Raking leaves isn’t my favorite activity, and with mature trees on 3 sides of my house I have plenty without the neighbors leaves blowing into my yard. But just like the guy with too many lemons I take advantage of the situation. My good luck stems from the fact that I have wide drain that runs along the road that backs up when it rains and forms a shallow pond. And that’s where I rake my leaves.
I let nature take its course and my lawn mower does the rest. It begins when the leaves saturate with water and fungi and bacteria begin to colonize the cellulose in the leaves. Cellulose forms as a result of photosynthesis generating glucose which is then polymerized. In its most basic form two glucose molecules are bound together and form structural cellulose.
Fungi and some bacteria possess the ability to break the bonds and derive glucose and other micronutrients from the leaves. Slowly the leaf breaks down. Worms help that process by feeding on the fungi and wiggling around as worms will do. Of course raking the leaves into a pile and mulching them with a lawn mower speeds things up considerably.
In the early stage the leaves are simply wet and matted and therefore a welcome environment for the fungi and bacteria. Second from the left are the leaves I ground up with mower last summer, the next pile was ground up last spring, and the pile on the far right was dug out the year before and is ready to be incorporated into the soil.
So let’s take a closer look at these piles. (click on the images for a larger view)
You’ve obviously seen wet leaves before but if you were to get very close or use a magnifying glass you’d see the telltale signs of fungi growing on the surface. You can’t see bacteria but you can smell it – if you’re a gardener you’ll recognize that earthy fragrance that I’ve come to love. While I have natural drain you can simply pile the leaves up where they won’t blow away as long as they have contact with the soil and thus its microorganisms which do all the work.
Just as when you are composting, reducing the particle size increases the rate of decomposition. While I refer nature’s way, leaves in this condition are also in the right stage for mixing with grass clippings and building a compost pile. One added advantage to this method is that the grass adds both moisture and nitrogen to the leaf mold. For best results thoroughly mix the two together and stack it up as high as 4 foot.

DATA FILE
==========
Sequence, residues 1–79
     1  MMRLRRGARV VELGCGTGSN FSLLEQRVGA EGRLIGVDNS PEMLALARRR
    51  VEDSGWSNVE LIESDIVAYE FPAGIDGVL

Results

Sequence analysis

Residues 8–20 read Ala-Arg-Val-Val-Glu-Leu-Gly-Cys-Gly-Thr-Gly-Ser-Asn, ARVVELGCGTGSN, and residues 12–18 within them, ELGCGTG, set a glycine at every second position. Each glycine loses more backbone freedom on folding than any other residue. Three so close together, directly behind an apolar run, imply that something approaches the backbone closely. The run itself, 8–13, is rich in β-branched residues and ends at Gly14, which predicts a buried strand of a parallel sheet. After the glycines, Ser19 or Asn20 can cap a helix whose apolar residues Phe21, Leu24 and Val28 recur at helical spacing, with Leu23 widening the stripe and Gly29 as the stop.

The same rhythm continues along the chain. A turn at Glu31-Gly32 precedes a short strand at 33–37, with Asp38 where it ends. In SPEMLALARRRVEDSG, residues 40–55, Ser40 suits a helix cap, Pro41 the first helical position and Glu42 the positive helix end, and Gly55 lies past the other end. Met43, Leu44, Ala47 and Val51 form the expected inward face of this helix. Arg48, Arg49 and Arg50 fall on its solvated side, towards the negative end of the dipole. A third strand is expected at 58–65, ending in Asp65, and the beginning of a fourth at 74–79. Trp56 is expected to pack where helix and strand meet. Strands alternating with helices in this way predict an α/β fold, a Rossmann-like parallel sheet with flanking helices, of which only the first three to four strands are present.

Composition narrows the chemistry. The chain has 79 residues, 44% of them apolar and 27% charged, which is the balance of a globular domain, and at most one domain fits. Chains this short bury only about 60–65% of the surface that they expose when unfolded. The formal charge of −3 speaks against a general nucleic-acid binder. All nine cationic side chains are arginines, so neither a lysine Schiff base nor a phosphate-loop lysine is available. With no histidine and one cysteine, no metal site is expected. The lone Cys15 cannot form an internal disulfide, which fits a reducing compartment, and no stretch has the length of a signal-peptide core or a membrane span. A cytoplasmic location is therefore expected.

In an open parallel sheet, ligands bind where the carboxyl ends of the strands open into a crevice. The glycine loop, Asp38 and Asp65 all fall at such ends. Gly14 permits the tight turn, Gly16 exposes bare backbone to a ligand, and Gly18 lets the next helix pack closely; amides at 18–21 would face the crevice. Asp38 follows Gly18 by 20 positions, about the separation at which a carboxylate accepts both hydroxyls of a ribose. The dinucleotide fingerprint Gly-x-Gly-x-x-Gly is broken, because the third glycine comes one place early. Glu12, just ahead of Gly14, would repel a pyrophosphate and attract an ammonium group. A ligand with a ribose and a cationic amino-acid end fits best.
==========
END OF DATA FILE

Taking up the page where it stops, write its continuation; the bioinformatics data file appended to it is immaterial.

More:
Every spring the southern winds bring me more leaves courtesy of my less than diligent neighbors and like water leaves flow downhill from their property to mine. But I can’t complain too much because this pile makes a great top mulch which can be hoed or rototilled in this fall. Those who practice the Ruth Stout method could simply leave the mulch where it lays and let the worms nibble on it through the winter months.
Originally I intended for this batch to be feeding a worm farm over the winter but events conspired adversely and I had to postpone my plans. While difficult to see there are threads of hypha running through the mulch and with a good soak and the right temperature I could be growing mushrooms. Instead I’m using it as an amendment for plantings with a thin layer over the top. My caution on this practice is that leaves register around 4-5 on the pH scale and without a lab test you can’t know how much acid remains.
I must admit that it pains me to see people burning leaves, or bagging them for the dump. But I also wonder about those who haul manure and sawdust when there’s so many leaves available here in the Ozarks. Whether you add them to the compost pile or let nature take its course and generate leaf mold you’ll reap the benefits in next year’s garden.
Call it Green Thumb Recycling and add it to your bragging rights.